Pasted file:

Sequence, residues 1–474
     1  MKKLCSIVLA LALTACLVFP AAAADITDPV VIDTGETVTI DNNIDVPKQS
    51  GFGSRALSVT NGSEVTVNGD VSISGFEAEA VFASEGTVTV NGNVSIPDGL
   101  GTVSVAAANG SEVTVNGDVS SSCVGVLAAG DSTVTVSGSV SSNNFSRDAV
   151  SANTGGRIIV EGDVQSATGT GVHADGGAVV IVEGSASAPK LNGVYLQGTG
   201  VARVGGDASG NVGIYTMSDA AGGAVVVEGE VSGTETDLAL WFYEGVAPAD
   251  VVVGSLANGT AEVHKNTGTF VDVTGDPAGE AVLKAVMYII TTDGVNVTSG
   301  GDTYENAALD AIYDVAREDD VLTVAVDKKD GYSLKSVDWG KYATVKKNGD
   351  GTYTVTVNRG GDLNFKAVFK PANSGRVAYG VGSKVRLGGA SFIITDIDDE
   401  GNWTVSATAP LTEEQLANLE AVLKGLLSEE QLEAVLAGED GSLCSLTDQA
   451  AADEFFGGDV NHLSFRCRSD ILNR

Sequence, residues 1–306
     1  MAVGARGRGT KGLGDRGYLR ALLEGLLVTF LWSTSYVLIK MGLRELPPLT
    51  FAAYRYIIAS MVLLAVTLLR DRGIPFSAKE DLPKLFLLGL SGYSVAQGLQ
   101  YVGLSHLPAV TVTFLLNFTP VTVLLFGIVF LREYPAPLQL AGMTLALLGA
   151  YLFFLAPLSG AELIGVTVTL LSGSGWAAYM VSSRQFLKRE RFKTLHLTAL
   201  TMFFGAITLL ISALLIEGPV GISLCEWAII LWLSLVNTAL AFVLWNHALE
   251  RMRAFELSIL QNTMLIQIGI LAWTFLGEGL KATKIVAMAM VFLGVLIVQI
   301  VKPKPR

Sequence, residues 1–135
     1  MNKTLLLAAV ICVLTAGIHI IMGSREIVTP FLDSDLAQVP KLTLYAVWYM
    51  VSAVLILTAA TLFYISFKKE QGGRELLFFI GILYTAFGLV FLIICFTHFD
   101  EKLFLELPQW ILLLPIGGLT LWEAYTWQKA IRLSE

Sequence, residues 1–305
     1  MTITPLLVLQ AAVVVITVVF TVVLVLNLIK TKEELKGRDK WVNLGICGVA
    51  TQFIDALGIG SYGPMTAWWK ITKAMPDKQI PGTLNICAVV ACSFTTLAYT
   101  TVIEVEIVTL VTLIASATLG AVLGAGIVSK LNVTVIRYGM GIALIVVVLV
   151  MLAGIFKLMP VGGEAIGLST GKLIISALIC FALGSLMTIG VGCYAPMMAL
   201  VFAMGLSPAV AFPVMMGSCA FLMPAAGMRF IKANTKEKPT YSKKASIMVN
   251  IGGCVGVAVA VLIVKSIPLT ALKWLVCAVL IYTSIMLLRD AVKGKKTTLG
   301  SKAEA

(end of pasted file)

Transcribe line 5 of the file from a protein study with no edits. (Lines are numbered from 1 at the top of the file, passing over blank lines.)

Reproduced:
   151  SANTGGRIIV EGDVQSATGT GVHADGGAVV IVEGSASAPK LNGVYLQGTG